The story of town of Falkirk spans many centuries and habitation can be traced as far back as the pre-Roman days. Yet the town today, while looking back on its many historical roots, has survived modern-day industrial decline to become a thriving, vibrant community. Settlers were here even before the Roman invasion of AD82, which saw the Emperor Antonine’s new coast-to-coast defensive wall built through what is now Falkirk. Indeed, parts of the wall can still be seen today. Later in its life, Falkirk was the scene of two historic battles, became a boom town through the development of the railway, the coal and iron industries and grew to accommodate a large population. Like many other parts of Scotland, Falkirk saw its economy suffer as these industries declined but has adapted to become what it is now – a busy, bustling town with many amenities, including pubs and clubs, restaurants, two main shopping centres, excellent schools and is at the heart of Scotland’s railway and motorway networks. There’s even an international airport only 25 minutes’ drive away.
The Helix Park was created to bring back into green, breathing life some 350 hectares of former industrial and derelict land, to connect to and be enjoyed by its surrounding 16 local communities. The park has seen some amazing developments in its short life span. Now locals and visitors alike can enjoy a kilometre of new canal with towpaths, creating a safe new connection to Grangemouth; 27 kilometres of shared access, high quality pathways, a new lagoon and splash play area; a wetland walk board; two new pieces of public art; and multiple community projects. The Park is also host to several live events annually and has boosted the local economy and employment prospects.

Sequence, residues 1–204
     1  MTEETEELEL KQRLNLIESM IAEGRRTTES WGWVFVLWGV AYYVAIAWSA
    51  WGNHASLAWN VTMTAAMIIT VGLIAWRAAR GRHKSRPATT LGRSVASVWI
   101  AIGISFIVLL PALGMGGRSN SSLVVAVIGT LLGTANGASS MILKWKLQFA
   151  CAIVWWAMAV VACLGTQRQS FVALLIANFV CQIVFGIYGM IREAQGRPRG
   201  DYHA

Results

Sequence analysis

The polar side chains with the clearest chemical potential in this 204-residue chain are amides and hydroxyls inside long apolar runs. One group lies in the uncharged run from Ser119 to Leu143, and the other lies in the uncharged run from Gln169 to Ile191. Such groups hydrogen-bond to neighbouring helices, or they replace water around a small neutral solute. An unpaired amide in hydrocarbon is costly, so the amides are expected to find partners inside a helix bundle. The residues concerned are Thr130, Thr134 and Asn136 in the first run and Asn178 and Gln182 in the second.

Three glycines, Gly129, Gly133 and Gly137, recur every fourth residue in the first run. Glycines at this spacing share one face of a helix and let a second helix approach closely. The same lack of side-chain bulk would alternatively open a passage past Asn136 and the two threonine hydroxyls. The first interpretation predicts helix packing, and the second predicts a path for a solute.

Now world-famous, the Kelpies are two 30-metres high, metallic horses’ heads. representing the creatures of Scottish myth and legend, beasts which had the power of ten horses. The sculptures, by Andy Scott, stand guard over the Forth and Clyde Canal and dominate the skyscape for miles around. They also pay tribute to the industry of the horses who towed barges along the canal, which were in their day the motorways of Scotland, carrying goods and wares across the country. The Kelpies, opened to the public in 2014, attract many thousands of visitors each year to Falkirk.
The Falkirk Wheel
The Falkirk Wheel is often described as a monumental feat of Scottish engineering – but it is much more than that. Easily seen from many miles away as you approach the town, the wheel is a rotating boat life, connecting two of Scotland’s most important canals, the Forth and Clyde and the Union Canal, for the first time since the 1930.Opened in 2002, the Wheel is part of the MIllenium Link project and restores the traditional waterway between Scotland’s two largest cities, Edinburgh and Glasgow. The Falkirk Wheel is the only rotating boat lift of its kind in the world, and one of two working boat lifts in the United Kingdom. It has its own visitors centre and attracts many thousands of visitors annually.
Callendar House is built on the line of the Romans’ coast-to coast defensive Antonine Wall and can be traced back through 600 years of history. Now an impressive chateau-style mansion, and linked to the Scottish Baronial style of building, the house has passed through many changes of ownership – and played host to many historical figures. Although its main feature is the 14th-century, it’s thought a 12th century thane, a forebear of one of the owning families, had his hall nearby. During its lifetime, visitors have included Mary Queen of Scots, Oliver Cromwell, Bonnie Prince Charlie and Queen Victoria. It is now owned by Falkirk Community Trust and boasts a museum, tea-room and working Victorian kitchen. The house sits in the impressive 500-acre Callendar Estate, with a pitch and putt golf course, play park, boating loch and many woodland walks.